16. The apparatus as claimed in claim 13 wherein the target base intake air quantity determining section comprises an accelerator demand determining section for determining an accelerator demand throttle opening area, an auxiliary demand determining section for determining an auxiliary demand throttle opening area in accordance with a condition of an accessory during engine idling, and a load demand determining section for determining the load demand throttle opening area by addition of the accelerator demand throttle opening area and the auxiliary demand throttle opening area.
17. The apparatus as claimed in claim 11 wherein the apparatus is an engine system and further comprises an internal combustion engine, a throttle valve, a throttle actuator for receiving a throttle control signal produced by the throttle controlling section and for varying the actual throttle opening degree of the throttle valve in response to the throttle control signal representing the target throttle opening degree, and an input section for collecting input information for determining the accelerator input and the engine speed.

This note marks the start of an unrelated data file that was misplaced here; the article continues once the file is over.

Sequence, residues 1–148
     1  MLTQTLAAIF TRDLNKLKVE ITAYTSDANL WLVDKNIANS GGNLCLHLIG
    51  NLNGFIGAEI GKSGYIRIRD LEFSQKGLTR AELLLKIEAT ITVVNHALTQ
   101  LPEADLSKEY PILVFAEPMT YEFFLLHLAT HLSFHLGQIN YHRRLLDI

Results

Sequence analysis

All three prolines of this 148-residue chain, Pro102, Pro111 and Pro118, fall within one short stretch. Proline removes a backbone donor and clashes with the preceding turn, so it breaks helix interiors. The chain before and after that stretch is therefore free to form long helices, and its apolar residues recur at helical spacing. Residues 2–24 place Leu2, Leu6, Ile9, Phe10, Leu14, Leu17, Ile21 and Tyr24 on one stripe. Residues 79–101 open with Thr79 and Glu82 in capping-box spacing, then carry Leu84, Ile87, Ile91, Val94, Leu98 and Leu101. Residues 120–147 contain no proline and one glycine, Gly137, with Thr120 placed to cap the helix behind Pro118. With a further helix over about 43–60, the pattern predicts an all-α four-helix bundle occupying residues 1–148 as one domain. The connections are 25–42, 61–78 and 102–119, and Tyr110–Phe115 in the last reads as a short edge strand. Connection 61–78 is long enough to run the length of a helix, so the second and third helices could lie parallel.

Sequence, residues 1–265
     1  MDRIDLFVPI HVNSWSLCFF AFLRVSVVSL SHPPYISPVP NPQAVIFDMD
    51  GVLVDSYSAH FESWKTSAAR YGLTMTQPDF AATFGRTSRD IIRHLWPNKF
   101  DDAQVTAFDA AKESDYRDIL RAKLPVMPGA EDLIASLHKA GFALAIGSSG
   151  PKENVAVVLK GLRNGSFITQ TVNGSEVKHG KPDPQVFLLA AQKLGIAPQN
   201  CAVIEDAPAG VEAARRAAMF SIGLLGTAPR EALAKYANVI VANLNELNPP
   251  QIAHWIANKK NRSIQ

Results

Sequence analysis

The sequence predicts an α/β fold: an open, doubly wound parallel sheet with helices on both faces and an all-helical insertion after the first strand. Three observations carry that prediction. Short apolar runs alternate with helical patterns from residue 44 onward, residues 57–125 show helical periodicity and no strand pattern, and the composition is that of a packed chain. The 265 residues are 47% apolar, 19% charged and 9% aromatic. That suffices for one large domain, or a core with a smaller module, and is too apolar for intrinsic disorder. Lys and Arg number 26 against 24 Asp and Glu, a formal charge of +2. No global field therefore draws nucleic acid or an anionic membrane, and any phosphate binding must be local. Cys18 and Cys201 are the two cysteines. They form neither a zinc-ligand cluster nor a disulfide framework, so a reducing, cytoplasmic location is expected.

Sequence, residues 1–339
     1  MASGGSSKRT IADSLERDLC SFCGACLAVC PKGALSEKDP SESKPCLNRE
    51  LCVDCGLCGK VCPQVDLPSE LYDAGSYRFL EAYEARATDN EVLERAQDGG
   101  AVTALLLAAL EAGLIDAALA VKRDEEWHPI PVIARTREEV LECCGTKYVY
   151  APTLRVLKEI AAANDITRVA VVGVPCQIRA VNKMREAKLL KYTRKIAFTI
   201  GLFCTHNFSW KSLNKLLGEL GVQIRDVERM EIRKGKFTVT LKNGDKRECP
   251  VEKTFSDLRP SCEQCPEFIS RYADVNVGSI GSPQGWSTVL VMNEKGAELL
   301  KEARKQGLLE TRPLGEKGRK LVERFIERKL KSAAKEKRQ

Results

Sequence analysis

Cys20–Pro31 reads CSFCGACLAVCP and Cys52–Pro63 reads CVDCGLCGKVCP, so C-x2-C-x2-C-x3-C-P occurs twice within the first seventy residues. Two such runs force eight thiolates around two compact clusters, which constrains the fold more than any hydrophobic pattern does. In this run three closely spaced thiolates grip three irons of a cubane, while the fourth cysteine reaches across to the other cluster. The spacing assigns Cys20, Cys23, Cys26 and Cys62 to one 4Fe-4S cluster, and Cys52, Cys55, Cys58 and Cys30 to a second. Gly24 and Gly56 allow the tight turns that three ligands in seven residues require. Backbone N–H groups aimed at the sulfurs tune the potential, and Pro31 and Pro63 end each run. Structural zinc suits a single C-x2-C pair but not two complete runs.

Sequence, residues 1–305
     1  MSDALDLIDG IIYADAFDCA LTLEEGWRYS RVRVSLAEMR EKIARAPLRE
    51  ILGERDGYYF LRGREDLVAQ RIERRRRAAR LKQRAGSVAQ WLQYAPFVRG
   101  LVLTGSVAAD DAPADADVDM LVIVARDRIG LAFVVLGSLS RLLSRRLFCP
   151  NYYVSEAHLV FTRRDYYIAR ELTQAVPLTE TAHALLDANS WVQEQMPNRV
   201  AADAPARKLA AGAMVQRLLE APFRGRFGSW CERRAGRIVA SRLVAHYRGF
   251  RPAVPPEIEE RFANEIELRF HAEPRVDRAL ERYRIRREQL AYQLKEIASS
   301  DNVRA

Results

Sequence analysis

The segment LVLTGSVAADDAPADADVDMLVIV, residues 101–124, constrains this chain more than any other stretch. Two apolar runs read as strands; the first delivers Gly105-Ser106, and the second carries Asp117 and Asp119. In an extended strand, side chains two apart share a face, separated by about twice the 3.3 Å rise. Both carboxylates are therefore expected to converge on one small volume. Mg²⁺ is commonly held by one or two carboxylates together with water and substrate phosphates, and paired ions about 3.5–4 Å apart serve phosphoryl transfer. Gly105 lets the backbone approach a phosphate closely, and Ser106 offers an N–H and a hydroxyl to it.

18. The apparatus as claimed in claim 17 wherein the input section comprises an accelerator input device producing an accelerator input signal representing the accelerator input, an engine speed sensor for determining the engine speed, and an air flow sensor for sensing an actual intake air quantity, and the apparatus further comprises a fuel system for varying a fuel supply quantity to the engine in response to a fuel control signal, and a fuel control section for controlling the fuel supply quantity by producing the fuel control signal in accordance with the engine speed, the actual intake air quantity and the target equivalent ratio.
19. An engine torque controlling process comprising:
a first step for calculating a target base intake air quantity in accordance with an accelerator input and an engine speed;
a second step for calculating a target control intake air quantity in accordance with the target base intake air quantity and a target equivalent ratio; and
a third step for calculating a desired target throttle opening degree in accordance with the target control intake air quantity and the engine speed and for controlling an actual throttle opening degree to control the engine torque in accordance with the target throttle opening degree;
wherein a functional relationship between a unit throttle opening area and a volumetric intake flow rate ratio is used for calculation of the target throttle opening degree from the accelerator input and the engine speed, and the unit throttle opening area is a throttle opening area per unit displacement for one engine revolution.